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Shellys London Swings Back Into Action with New Management

The U.K. has been known to produce enduring royals, musicians and footwear brands. Since 1945, Shellys London has been a player in the women’s footwear market, adjusting to the ebbs and flows of fashion. And like all things that are cool and British, American consumers have clamored for the brand during peak fashion seasons.

Shellys London is out to revive its popularity in the States by reintroducing its au courant styles to a new generation of trendsetting women with a taste for big heels and individual style. Snowden Brothers, a private label company owned by former Topline Corp. executives (and brothers) Bill and Rick Snowden, took over the British company’s North American business a year and a half ago from Canada-based Aldo Group. With their experience leading fashion labels like Report, Bill and Rick are helping the company find its way once again.

In recent seasons, Rick Snowden said there’s been a need for more consistency in the delivery of the product, especially in order to compete with low-price, fast fashion labels that pander to Millennials’ thirst for instant runway looks. “We have a solid commitment with our factory. It’s our intent to deliver new product every two months, keeping it fresh, and react to what the market is telling us. We want to be proactive,” he said.

If footwear was having a moment in fashion, Shellys London was there front row and center. In the ’60s, the brand became synonymous with Mod style and was one to watch for new and outrageous silhouettes. Snowden recalls “shopping” Shellys London when he worked for Nordstrom during this time. “The brand always had trend-setting items and pushed it to edge. They were at the forefront of what was happening,” he said.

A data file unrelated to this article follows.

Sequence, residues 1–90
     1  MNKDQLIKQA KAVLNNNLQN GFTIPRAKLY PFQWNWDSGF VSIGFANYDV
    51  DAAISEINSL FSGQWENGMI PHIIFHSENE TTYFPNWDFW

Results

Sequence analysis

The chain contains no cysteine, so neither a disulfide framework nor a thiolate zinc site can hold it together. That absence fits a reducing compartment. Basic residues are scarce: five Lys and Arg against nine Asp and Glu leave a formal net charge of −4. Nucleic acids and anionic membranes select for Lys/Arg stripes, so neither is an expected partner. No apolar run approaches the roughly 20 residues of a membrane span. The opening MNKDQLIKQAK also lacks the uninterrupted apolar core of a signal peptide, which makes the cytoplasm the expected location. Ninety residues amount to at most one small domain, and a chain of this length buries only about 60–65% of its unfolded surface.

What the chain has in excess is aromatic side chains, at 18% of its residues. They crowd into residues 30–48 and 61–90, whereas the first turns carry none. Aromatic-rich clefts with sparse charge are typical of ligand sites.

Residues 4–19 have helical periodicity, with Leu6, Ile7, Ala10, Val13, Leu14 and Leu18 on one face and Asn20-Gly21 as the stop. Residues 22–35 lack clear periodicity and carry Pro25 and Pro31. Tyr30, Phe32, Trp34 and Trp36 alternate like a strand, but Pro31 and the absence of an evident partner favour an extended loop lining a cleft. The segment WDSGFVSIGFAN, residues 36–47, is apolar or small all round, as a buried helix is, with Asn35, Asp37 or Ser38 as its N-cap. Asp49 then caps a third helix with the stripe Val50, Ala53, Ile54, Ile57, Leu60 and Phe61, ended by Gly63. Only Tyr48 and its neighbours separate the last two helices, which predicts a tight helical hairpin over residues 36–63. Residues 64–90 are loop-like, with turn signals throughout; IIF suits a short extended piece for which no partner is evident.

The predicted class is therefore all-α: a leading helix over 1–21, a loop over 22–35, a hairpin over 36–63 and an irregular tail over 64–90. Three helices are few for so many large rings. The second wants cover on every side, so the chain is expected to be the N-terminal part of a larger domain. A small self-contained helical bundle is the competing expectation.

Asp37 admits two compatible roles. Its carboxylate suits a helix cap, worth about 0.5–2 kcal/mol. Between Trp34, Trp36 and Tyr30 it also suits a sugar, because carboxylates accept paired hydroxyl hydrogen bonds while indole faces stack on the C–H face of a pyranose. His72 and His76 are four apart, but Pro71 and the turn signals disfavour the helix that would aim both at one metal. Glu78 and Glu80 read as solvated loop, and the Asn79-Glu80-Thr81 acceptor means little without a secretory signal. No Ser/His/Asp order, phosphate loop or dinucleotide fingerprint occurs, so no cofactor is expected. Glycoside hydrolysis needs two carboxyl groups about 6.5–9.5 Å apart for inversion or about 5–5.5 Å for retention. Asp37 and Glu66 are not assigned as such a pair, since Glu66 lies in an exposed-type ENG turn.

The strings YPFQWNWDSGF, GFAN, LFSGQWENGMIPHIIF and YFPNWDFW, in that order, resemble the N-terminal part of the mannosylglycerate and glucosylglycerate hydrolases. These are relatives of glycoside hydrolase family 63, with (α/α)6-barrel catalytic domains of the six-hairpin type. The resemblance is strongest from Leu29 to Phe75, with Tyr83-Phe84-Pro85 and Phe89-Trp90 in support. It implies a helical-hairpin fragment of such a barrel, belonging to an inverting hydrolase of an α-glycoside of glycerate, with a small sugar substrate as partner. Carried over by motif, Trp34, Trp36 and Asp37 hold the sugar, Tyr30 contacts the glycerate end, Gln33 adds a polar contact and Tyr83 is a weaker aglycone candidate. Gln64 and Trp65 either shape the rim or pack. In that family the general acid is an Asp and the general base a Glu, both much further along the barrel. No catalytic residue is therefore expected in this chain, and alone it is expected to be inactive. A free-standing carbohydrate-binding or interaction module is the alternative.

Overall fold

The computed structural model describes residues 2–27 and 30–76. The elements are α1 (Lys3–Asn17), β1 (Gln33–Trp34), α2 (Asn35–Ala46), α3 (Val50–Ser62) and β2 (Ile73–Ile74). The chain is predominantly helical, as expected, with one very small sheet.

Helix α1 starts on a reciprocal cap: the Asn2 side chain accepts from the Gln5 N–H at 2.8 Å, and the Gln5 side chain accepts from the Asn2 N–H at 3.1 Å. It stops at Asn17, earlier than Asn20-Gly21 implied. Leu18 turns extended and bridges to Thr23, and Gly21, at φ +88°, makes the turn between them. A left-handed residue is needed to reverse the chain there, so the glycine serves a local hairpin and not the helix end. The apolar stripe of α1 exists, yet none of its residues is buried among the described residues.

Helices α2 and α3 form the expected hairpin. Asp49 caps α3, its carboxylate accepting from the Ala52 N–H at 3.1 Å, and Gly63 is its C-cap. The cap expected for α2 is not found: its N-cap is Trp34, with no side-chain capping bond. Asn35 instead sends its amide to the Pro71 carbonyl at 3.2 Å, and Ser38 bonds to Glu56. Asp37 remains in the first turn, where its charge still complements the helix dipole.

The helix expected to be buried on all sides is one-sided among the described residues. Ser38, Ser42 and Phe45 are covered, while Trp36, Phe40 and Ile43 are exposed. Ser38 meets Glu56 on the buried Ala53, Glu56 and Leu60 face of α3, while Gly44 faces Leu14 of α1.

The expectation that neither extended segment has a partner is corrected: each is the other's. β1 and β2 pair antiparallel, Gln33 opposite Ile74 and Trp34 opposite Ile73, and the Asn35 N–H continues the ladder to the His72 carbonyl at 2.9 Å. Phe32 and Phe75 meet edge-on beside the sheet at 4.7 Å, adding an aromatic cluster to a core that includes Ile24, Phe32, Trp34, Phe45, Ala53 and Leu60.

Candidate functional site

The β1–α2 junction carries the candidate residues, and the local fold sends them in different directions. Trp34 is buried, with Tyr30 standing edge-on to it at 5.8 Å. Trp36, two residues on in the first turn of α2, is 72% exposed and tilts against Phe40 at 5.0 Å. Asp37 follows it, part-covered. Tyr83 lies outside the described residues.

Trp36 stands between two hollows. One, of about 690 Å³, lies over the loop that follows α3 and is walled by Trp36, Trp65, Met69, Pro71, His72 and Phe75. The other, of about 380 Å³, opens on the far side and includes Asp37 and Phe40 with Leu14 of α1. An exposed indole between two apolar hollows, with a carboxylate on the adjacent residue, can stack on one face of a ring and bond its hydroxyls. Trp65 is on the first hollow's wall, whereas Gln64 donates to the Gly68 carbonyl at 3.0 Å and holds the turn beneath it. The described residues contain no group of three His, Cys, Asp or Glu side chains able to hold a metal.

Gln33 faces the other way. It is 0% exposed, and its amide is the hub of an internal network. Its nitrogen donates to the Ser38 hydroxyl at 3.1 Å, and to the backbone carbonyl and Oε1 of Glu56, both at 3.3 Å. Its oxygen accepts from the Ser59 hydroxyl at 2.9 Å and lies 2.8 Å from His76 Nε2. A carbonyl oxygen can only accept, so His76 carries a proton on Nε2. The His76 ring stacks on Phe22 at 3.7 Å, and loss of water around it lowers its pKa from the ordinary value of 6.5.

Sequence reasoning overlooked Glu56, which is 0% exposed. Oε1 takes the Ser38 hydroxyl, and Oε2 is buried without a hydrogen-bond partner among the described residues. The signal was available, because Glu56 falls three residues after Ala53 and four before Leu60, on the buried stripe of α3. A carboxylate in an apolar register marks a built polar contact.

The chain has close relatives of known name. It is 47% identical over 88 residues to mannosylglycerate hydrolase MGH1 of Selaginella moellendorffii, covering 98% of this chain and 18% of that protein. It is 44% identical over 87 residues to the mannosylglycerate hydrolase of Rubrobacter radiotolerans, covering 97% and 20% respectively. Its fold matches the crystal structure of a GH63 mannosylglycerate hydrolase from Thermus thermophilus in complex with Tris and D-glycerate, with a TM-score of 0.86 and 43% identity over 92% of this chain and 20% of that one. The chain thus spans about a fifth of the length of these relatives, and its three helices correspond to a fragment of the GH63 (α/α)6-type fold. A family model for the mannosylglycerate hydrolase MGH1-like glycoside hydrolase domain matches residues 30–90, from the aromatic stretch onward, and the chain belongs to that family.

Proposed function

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Chelsea boots, platforms, creepers and winklepickers—the ultra-pointed footwear made famous by the likes of David Bowie—were some of the brand’s signature items during the ’60s and ’70s. The brand had a resurgence again in the ’90s when heavy bottom, grunge-inspired shoes came into style.

Nowadays, the company’s focus is on a winning combination of design, quality and product. Collections are steered by an inquisitive London-based design team in Shoreditch—London’s answer to Williamsburg—and are tweaked by designers in North America to better suit local taste without losing its London coolness.

For Spring ’16, Snowden said the brand is offering “the best of both worlds” with a blend of European festival fashion styling, and dress and casual platforms. Highlights include patchwork denim clogs, black and white EVA sandals that mix in touches of jute and snake, flatform oxfords and ghillies dotted with grommets along the straps. Shoes retail for $90-$120.

“Our customer is anti-corporate, a little edgy. That consumer doesn’t need a logo on her shoes to validate their style,” Snowden said. “We’re looking to position with retailers who we feel can understand the brand and help the consumer relate to it.”

The brand’s U.K. roots are what continue to make it stand out in a sea of sameness. For their private label business, Snowden said they base collections on key trends they discover while shopping Europe, but that’s not for Shellys.

“Shellys is different. It is very focused with little overlap,” he said. “The U.K. has always been a great unique view point and knows how to be special without being too crazy. That’s where the excitement lies, so we are trying to fuel that fire to be interesting and creative.”